Flavored tobacco is killing underage smokers, experts say

Thanh Nien News

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People smoke shisha - a kind of flavored tobacco - in a café in Hanoi. Photo credit: Tuoi Tre

Health and legal experts are again calling on the government to impose a ban on flavored tobacco products which have been plaguing the country and exposing children to major heath risks. 
These risks can be more harmful than those caused by regular cigarettes, experts said, after local media reported that a police raid last week at a café in the southern beach town of Vung Tau found many 12-year-old students smoking shisha, aka hookah.
Police then confiscated 12 bags of the fruit-flavored, sweet-scented tobacco and two smoking water pipes.
The café owner failed to explain the product’ origins and present any license. 
Police made no comments on the fact that the product, classified as tobacco when being imported into Vietnam, was sold to underage smokers.
In fact, even though local health experts have warned against shisha’s risks to human health in recent years, the government has yet taken any action.
As a result, the product is sold freely, both online and at cafés, leading to misconceptions that it is harmless.
Dr. Nguyen Minh Tuan, deputy chief of Hanoi-based Bach Mai Hospital’s mental health department, told Tuoi Tre newspaper on Tuesday that when smoking shisha, people absorb a lot more nicotine, an addictive and toxic substance found in tobacco, than when they smoke cigarettes.
It takes at least 40 minutes to finish a shisha session, which can amount to 50-200 puffs, meaning that smokers inhale an amount of smoke that is 100-200 times bigger than when they smoke a cigarette, he explained.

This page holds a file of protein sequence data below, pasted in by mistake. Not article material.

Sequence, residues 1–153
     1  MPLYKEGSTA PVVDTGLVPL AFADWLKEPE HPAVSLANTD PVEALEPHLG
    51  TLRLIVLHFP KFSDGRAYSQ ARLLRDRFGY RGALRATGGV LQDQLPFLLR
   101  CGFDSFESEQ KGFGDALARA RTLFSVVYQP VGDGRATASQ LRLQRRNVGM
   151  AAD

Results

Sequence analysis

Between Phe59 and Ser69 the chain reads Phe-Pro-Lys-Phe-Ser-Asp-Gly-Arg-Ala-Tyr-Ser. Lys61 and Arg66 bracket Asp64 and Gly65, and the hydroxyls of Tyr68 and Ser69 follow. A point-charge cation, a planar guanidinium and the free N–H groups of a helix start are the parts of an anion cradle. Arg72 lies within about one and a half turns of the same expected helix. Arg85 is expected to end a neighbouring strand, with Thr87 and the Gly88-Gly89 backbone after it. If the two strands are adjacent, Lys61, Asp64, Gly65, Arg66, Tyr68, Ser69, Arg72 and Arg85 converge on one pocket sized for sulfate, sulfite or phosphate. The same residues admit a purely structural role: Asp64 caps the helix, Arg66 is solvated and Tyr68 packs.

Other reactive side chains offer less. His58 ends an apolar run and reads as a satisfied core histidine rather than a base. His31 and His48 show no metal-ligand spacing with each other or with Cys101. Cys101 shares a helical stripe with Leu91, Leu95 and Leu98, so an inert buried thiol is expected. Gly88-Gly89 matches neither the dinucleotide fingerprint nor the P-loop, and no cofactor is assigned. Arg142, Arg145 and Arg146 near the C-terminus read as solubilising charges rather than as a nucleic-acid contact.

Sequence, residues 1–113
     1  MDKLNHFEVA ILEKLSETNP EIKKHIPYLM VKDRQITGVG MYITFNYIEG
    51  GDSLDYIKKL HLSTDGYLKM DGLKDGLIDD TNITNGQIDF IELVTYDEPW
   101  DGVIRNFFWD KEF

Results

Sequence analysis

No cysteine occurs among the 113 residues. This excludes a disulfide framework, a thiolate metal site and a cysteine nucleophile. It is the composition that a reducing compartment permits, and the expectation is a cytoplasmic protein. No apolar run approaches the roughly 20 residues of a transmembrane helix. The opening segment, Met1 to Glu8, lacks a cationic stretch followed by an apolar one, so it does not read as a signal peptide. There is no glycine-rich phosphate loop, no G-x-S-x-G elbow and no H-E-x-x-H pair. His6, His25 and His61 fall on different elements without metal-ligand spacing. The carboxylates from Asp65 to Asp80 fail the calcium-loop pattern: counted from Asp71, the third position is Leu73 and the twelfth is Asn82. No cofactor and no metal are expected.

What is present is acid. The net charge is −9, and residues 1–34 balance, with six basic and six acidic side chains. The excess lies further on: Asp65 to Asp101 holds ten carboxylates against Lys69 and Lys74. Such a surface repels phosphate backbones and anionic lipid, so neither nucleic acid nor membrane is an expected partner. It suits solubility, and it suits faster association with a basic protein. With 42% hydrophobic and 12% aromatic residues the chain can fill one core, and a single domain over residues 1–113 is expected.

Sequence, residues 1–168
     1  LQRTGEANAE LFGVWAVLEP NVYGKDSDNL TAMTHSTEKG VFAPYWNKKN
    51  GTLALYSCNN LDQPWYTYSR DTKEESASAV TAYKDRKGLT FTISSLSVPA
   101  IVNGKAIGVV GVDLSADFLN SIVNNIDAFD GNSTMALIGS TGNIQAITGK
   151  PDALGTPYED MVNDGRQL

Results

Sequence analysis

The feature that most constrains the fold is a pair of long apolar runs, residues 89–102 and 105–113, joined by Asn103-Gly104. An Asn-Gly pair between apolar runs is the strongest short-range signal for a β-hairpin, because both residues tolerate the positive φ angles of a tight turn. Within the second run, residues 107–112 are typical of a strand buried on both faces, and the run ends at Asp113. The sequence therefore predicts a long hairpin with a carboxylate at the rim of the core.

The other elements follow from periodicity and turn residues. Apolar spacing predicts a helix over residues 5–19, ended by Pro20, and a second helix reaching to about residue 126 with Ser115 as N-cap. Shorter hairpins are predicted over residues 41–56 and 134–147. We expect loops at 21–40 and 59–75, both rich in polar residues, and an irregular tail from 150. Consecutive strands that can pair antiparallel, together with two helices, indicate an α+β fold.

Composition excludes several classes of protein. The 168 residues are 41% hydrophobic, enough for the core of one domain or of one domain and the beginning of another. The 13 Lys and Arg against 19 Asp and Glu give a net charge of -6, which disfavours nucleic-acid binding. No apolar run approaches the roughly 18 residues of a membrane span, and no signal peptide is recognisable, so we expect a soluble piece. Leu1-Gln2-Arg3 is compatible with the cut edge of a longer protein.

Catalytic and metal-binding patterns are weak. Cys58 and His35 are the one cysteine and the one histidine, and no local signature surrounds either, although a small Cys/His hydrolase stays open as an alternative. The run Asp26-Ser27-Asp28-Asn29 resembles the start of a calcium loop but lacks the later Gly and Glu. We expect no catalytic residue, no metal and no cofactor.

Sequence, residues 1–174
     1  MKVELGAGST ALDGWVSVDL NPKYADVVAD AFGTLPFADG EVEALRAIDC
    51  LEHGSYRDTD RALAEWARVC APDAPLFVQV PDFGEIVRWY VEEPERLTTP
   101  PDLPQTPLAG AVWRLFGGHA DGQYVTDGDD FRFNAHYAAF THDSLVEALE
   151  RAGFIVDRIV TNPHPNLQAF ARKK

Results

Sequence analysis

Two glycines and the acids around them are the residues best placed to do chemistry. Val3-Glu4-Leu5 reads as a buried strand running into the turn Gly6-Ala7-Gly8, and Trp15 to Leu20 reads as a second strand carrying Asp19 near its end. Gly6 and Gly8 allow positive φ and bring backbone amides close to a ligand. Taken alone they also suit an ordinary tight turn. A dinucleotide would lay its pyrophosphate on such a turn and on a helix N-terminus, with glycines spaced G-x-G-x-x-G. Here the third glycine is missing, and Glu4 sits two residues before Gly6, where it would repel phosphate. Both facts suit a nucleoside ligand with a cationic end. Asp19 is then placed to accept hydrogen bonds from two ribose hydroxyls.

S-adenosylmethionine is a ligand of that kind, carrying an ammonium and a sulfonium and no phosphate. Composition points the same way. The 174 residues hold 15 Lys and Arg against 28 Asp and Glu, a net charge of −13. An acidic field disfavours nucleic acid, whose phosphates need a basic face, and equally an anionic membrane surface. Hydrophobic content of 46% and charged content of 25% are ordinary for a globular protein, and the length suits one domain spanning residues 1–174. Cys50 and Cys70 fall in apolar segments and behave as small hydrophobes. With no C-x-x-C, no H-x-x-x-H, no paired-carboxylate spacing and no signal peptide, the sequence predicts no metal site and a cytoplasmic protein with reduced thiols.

Just as dangerous
He also pointed out that many people claimed since shisha is “filtered” in water before they smoke it, its nicotine concentration and toxicity is reduced.
But, “shisha’s risks are just similar to those of other tobacco products,” he said.
For children smokers, the risks are especially bigger, according to Tuan, further warning that young people are also mixing shisha with illegal drugs.
Dr. Phan Quoc Bao at the HCMC University Medical Center was quoted as saying that such mixtures as well as shisha of unclear origins can pose unexpected risks to smokers like cancers and lung diseases.
Many doctors, meanwhile, expressed worries that since shisha is typically smoked in groups, people, especially youngsters, can feel pressured to take on the dangerous tobacco.
Speaking to the newspaper, Nguyen Van Hau, vice chairman of the HCMC Lawyers Association, urged local authorities to add shisha to their lists of banned or limited products.
Many countries in the world have already banned the product on health reasons, Hau said.
In 2013 HCMC’s authorities once asked the Ministry of Health to consider banning shisha, following findings that at many places, shisha without clear origins were sold, while many smokers often mixed it with illegal drugs or toxic substances.
However, the city’s recommendation so far has yet to be responded.

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